Indiana Gazette from Indiana, Pennsylvania on October 24, 2002 · Page 23
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Indiana Gazette from Indiana, Pennsylvania · Page 23

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Indiana, Pennsylvania
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Thursday, October 24, 2002
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Page 23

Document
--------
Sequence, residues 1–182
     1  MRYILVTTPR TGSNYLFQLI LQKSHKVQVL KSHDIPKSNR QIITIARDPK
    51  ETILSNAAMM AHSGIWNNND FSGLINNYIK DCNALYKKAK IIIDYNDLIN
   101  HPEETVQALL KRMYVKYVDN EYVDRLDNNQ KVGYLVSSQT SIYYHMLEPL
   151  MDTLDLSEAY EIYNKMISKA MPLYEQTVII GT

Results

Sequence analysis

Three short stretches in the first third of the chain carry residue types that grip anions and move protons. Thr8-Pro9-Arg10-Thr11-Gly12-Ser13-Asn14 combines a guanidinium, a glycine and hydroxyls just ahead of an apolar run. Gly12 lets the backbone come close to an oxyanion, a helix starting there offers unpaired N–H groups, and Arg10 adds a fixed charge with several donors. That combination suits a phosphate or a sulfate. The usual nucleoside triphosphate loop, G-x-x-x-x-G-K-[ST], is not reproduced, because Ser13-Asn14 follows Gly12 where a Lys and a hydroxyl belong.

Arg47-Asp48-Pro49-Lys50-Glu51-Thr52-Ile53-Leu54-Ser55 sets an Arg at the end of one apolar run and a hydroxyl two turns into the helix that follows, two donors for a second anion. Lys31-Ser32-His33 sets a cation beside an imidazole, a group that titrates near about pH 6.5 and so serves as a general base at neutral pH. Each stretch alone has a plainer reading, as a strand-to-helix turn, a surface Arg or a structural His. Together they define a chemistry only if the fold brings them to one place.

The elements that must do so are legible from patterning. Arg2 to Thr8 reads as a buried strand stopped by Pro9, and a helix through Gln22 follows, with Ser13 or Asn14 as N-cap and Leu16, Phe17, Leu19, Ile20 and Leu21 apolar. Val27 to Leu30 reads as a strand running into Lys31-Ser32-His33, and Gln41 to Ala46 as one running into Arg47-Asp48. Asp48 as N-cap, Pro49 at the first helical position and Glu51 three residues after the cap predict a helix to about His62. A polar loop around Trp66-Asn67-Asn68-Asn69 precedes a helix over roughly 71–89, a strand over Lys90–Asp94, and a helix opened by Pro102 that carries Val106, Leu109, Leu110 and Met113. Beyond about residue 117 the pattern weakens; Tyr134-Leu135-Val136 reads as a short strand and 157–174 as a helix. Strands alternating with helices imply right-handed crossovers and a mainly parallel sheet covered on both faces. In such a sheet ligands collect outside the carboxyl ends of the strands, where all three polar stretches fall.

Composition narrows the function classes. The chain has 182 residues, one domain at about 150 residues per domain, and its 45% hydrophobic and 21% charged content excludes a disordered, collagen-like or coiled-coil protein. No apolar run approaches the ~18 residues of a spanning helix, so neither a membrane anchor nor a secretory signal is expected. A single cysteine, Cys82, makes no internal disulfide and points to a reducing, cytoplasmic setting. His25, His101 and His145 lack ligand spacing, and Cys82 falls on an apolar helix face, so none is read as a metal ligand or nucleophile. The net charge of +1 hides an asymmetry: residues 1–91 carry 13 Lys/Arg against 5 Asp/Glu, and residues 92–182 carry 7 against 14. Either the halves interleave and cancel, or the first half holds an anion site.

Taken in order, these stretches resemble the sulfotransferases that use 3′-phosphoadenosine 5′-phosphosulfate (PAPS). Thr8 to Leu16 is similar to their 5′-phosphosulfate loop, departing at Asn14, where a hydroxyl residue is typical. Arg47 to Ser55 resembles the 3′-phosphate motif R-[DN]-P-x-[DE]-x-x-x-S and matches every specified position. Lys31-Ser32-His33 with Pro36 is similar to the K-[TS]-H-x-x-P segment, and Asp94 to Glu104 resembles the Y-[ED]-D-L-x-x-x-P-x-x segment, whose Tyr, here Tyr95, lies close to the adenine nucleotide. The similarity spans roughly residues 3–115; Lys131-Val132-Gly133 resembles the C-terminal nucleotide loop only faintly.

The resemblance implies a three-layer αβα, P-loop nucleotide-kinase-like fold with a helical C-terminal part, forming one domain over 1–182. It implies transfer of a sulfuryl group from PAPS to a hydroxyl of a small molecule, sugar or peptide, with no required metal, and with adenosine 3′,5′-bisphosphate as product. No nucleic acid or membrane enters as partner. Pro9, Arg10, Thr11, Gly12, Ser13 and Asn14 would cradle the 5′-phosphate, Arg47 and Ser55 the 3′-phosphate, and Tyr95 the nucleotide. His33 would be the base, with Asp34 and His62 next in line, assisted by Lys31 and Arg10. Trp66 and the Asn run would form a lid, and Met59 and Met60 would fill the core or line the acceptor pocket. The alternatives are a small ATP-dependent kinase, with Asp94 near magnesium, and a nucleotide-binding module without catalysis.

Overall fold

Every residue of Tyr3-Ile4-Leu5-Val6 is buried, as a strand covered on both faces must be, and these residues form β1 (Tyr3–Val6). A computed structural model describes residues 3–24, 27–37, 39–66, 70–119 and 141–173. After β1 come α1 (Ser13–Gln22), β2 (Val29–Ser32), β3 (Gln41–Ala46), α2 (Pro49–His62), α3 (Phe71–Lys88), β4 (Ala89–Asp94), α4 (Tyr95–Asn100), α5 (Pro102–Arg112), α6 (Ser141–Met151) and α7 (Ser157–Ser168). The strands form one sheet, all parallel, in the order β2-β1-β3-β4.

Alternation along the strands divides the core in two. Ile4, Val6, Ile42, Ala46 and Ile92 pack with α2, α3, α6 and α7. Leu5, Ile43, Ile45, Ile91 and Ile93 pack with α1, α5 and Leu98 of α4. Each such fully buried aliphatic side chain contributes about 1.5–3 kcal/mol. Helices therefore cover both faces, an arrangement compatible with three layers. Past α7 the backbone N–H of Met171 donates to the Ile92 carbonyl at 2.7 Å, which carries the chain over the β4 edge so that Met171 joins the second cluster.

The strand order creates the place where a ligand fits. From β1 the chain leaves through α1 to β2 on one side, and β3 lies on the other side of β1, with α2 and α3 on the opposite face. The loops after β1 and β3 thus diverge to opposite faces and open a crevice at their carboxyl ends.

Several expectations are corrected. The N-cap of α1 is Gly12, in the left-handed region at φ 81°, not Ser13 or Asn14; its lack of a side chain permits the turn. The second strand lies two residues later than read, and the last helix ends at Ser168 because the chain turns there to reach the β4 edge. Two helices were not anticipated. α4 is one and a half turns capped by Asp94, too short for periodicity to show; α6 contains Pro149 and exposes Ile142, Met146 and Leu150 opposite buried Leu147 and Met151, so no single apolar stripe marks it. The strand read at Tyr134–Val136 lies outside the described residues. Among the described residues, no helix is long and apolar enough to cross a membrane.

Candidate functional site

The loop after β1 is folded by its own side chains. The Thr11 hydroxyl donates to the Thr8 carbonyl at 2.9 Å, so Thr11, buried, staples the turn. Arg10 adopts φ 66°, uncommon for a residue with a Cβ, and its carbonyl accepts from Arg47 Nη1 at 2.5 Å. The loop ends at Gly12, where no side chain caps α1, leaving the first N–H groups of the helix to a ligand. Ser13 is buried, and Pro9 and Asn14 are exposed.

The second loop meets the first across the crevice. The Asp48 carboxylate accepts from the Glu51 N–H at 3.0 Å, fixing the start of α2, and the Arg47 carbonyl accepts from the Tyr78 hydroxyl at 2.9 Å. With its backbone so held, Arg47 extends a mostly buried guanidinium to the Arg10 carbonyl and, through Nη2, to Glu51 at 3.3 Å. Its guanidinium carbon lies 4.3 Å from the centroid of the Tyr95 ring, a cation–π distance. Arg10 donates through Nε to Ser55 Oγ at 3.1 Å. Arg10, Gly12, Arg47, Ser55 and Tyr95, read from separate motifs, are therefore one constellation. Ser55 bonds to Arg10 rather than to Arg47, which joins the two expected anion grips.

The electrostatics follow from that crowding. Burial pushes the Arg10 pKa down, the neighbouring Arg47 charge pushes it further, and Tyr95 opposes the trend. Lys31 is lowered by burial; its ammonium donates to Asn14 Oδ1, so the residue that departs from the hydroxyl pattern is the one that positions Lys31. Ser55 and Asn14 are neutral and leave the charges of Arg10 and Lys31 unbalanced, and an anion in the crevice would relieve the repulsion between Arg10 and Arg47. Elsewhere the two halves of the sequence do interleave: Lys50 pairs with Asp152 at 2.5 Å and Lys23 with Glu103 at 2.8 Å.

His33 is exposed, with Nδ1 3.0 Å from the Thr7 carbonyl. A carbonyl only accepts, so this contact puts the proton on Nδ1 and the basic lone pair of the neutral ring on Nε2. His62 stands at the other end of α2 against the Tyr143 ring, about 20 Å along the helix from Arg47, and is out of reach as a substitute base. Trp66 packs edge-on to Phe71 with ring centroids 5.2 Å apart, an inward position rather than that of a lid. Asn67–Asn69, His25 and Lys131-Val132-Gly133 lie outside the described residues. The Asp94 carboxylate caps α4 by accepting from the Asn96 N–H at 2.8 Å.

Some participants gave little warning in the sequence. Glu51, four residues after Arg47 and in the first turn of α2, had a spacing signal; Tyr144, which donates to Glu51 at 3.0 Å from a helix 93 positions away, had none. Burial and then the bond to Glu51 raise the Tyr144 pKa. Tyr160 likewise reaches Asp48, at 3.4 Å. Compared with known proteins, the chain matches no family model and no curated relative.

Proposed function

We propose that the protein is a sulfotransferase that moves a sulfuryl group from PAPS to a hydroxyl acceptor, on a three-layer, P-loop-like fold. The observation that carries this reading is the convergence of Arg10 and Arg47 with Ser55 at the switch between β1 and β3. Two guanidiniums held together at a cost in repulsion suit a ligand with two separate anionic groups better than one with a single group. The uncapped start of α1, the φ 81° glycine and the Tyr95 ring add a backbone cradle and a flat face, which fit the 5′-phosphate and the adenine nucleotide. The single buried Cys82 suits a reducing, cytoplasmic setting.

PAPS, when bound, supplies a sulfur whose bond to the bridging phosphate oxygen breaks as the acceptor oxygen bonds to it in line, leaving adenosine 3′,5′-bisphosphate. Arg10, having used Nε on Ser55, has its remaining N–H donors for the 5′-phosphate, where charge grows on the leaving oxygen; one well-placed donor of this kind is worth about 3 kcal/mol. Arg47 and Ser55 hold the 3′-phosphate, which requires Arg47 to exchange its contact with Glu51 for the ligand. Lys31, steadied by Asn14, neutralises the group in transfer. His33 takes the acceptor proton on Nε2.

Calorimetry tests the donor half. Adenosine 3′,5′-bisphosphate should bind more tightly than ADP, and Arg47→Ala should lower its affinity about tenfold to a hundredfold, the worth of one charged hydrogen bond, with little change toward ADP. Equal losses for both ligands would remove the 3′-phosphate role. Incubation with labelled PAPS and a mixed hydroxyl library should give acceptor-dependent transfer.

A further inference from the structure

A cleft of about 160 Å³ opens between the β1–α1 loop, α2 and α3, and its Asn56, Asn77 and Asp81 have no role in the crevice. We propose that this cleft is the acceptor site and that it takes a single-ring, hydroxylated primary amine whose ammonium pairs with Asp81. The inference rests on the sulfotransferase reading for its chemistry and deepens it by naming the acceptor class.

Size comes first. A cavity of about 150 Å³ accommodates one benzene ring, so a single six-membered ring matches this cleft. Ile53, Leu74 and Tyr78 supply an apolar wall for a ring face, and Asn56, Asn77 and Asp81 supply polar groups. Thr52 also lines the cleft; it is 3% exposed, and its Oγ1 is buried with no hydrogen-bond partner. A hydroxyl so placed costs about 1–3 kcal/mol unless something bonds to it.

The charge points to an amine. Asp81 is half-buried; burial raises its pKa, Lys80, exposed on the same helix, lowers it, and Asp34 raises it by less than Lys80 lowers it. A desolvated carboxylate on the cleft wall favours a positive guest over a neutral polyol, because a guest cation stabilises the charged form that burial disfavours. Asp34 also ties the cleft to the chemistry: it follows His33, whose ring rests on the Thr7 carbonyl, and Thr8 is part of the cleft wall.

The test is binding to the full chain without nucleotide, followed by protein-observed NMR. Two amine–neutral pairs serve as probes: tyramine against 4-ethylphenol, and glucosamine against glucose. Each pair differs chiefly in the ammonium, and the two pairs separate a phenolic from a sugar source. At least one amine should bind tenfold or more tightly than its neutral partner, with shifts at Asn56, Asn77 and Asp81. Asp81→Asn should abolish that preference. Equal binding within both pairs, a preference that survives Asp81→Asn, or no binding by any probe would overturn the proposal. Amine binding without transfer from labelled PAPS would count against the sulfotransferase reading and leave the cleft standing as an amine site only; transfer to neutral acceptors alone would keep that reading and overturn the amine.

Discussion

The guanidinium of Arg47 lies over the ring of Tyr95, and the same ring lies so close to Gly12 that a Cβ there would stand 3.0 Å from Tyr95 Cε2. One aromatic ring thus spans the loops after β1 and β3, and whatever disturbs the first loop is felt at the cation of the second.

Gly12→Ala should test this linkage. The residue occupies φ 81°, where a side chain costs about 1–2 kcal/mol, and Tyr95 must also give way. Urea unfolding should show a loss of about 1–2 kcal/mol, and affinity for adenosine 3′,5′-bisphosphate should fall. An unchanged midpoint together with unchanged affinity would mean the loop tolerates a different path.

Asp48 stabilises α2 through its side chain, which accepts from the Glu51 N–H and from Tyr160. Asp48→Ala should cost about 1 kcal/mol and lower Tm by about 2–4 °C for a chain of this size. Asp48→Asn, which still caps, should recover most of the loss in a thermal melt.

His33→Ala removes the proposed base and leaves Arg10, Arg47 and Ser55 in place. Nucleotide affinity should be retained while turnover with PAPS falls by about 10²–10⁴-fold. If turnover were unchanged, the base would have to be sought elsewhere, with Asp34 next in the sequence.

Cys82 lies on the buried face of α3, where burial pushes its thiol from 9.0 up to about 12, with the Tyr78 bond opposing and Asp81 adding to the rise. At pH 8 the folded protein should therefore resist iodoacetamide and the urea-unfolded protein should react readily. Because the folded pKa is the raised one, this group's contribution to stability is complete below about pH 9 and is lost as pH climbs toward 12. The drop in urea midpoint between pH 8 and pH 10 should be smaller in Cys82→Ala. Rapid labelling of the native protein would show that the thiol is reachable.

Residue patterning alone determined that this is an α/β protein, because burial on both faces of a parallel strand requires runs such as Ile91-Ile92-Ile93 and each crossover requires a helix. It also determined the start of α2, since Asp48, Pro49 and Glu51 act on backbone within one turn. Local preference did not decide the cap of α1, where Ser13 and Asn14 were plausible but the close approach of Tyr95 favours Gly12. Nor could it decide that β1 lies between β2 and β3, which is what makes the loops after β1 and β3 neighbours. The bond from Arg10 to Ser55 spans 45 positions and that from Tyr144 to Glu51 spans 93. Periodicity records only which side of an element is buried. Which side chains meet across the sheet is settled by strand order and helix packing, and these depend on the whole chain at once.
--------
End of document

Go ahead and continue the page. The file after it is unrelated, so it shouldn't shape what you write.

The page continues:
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(iazeite BASEBALL Thursday/October 24, 2002 — Page 21 Rose basks in ovation By JOSE DE JESUS ORTIZ Houston Chronicle SAN FRANCISCO — Pete Rose openly longed for Babe Ruth and Lou Gehrig, wondering how beautiful it would have been Wednesday night for those legends to have joined him, Cal Ripken, Hank Aaron, Kirk Gibson and Mark McGwire at Pac Bell Park. Only Ruth and Gehrig could have received a greater ovation than the 75-second one Rose got during the presentation for MasterCard's Top 10 Major League Baseball Memorable Moments. Ripken's breaking of Gehrig's consecutive games streak in 1995 was voted the top moment, beating out Aaron's breaking of Ruth's all-time home run record in 1974. Jackie Robinson's breaking of the color barrier on April 15, 1947, was third. Rose, who as a rule is barred from MLB events and is ineligible for the Hall of Fame because of his lifetime ban for betting on baseball, finished sixth on the list for breaking Ty Cobb's all-time hits record in 1985. Ripken, Aaron, Gibson and Mc- Gwire joined Rose at the presentation before Game 4 of the World Series, and Rose drew the biggest ovation with nemesis/commissioner Bud Selig watching nearby. Rose's introduction was greeted by chants of "Hall of Fame! Hall of Fame! No more Bud! No more Bud!" Rose said he didn't hear specific chants, but the ovation moved him. "That was unbelievable," he said. "That's why I played the game the way I played it." Asked about his status in baseball, Washburn gets second shot at SF By JOSH DUBOW AP Sports Writer SAN FRANCISCO — Jarrod Washburn is a quick study. If he struggles once against an opponent, he usually figures out what to do the next time. Washburn will start Game 5 of the World Series tonight for the Anaheim Angels against Jason Schmidt and the San Francisco Giants. It's a rematch of the opener, won by Schmidt 4-3 in Anaheim. "I don't mind it," Washburn said before Game 4 on Wednesday. "They're fresh in your mind, so you don't have to do as much homework before the second time. That's good, I guess. But everybody's in the same situation." Washburn has handled it well in the past. Six times this season he made back-to-back starts against the same team and he got tougher the second time, going 5-1 with a 2.65 ERA. The first start against those teams he was only 1-1 with a 5.21 ERA. Washburn hopes he can improve on the opener, when he allowed homers to Barry Bonds, Reggie Sanders and J.T. Snow — the second time this postseason he's allowed three homers in a game after not doing it once all season. "They didn't come out with any surprises," Washburn said. "Make a mistake to Barry Bonds, Reggie Sanders, J.T. Snow, any one of those guys in that lineup and they're going to hurt you. So don't make mistakes." Schmidt didn't have nearly as much success the five times he faced a team for the second straight time. He went 0-4 in those starts, compared with 3-1 in the first meeting. But Schmidt fared much better in the Series opener than Washburn. In fact, he was one of the few San Francisco pitchers to hold the Angels in check. "We just wanted to challenge them and see what they were going to do," Schmidt said. "I guess we found that out so far. We underestimated them a little bit. They're not really doing anything special, they're just putting good wood on the ball and the balls are finding holes. They're doing their job, we're not." Schmidt got the win in Game 1, allowing three runs and nine hits in 5 2-3 innings. He often pitched his way out of trouble, using his overpowering fastball to strike out six batters. Schmidt's accomplishment was notable because the Angels were the toughest team to strike out in the majors this season. They only struck out nine times in the last three games. "He made some tough pitches with ^. guys in scoring position against us," ;4> Angels manager Mike Scioscia said. " "We weren't able to put enough pressure on him to really have an impact on that game." Washburn had a breakthrough season this year, going 18-6. He is 1-1 with a 3.65 ERA in four postseason appearances, Pete Rose received a thunderous ovation Wednesday night at Pac Bell Park. (AP photo) Rose responded quickly. "I'm not the right guy to ask that," he said. Rose and Selig' spoke and exchanged pleasantries Wednesday, but Selig hasn't changed liis stance on-Rose. Nonetheless, Selig wouldn't interfere with MasterCard, the company that also sponsored the All-Century Team in 1999. "The fans voted on the most memorable moments," Selig said. "This is really a fans vote, and I'm certainly not going to get in the way of that." Not even Selig could have ruined this moment for Rose. "(It's great) just being introduced with Henry (Aaron) and the rest of those guys," Rose said. "Wouldn't it be nice if Lou Gehrig or Babe Ruth could be here to night? That's the way I look at it. "If this is good for baseball, I'll put my name to it. Baseball needs some shots in the arm to get the popularity back. Barry (Bonds) is doing everything he can do, just like Sammy and Mark did. Oh, this is great. It's just like the All-Century celebration." Because of a commitment to attend a cattlemen's meeting in San Antonio, Nolan Ryan, whose seventh no-hitter placed 10th, missed the ceremony. I I I Ripken's streak No. 1? You've got to be kidding By HAL BOCK AP Sports Writer They're kidding, right? The vote proclaiming Cal Ripken's ironman record as baseball's most memorable moment must be some kind of test to see if the rest of us are paying attention. Fans examined the rich fabric of baseball history, everything from Mathewson to Mays, Ruth to Rose, and the moment that topped them all was Ripken's 2,131st consecutive game. It beat out Hank Aaron breaking Babe Ruth's career home run record. That must be it. They're just kidding. "I was pleasantly surprised," Ripken said. "I thought this was really a cool concept after the All-Century team created all the interest and excitement for baseball." Ripken's accomplishment is laudable, a career achievement built over years of playing day-in, day-out, season-iii, season-out, ignoring bumps and bruises and celebrated in an emotional high-five victory lap around Camden Yards. It was a nice, heartwarming interlude. But for it to top the Memorable Moments vote, well, that's hard to believe. A moment is just that, a snapshot in time that sets it apart. The last out of Don Larsen's World Series perfect game in 1956 was a moment. So was Bobby Thomson's 1951 pennant- winning home run. The same for Willie Mays' running out from under his hat for the 1954 World Series catch against Vic Wertz. None of those even made the Top 10, which were announced by sponsor MasterCard and Major League Baseball. Instead of a memorable CAL RIPKEN moment, the fans gave us a memorable career at No. 1. Consider this: In 577 World Series games before Wednesday night, there had been exactly one no-hitter. And it happened to be Larsen's perfect game, 27 batters up, 27 batters down, the ultimate pitcher's achievement in the ultimate baseball showcase. Pretty memorable, huh? Not in this election. It was nothing more than an also-ran. Thomson's exclamation point home run ended one of the most remarkable comebacks in pennant- race history when the New York Giants wiped out a 13V&-game lead to overtake the Brooklyn Dodgers., It was high drama, the stuff of fiction, the kind of fairy-tale finish that makes the game and its seasons so compelling. They called it "The Shot Heard 'Round the World." Nobody in this election must have been listening. Again, an also-ran. Mays' amazing back-to-plate catch and throw defined him as perhaps the most complete player of his time, a fearsome slugger who played his position flawlessly. It hardly impressed the fans, who voted with ballots at ballparks and online at major league baseball's Web site. Then there was Bill Mazeroski's winning home run in the I960 World Series and Carlton Fisk's Game 6 homer in the 1975 World Series. Neither made the Top 10. Ripken's achievement was a statement for coming to work every day. There's nothing wrong with that. But to single it out above all of the high drama baseball has provided for over a century of its history is shortsighted. The result of the vote was disturbing, but no more so man the ballot, which ignored moments far more memorable than some of the candidates. Look at the list and you would conclude that not much happened in baseball in the first half of the 20lh century. Twenty-two of the 30 moments happened after 1950. None of Babe Ruth's 714 home runs rated a mention. Ty Cobb was an afterthought. Cy Young and his 511 victories were ignored. Some significant modern players got shori shrift as well. Ignored were Mickey Mantle, Bob Feller, Sandy Koufax, Stan Musial, Bob Gibson and Roger Clemens. But they found room on the ballot for Ichiro Suzuki sweeping the Rookie of (lie Year and MVP awards last year. Maybe the ballot and its gaps might be most memorable of all in (his promotion. Teens today are looking for answers, and if they can't get them from you, they'll get them from friends. J So get active- get informed. Find out the side effects of drugs like ecstasy; then" talk to your kids about them, __ They're smart - they'll listen. =DRLJGFREEB\ tomorrow \vork hcttcr. To learn more about ecstasy, call 1-800-533-3394 or visit www.drugfreepa.org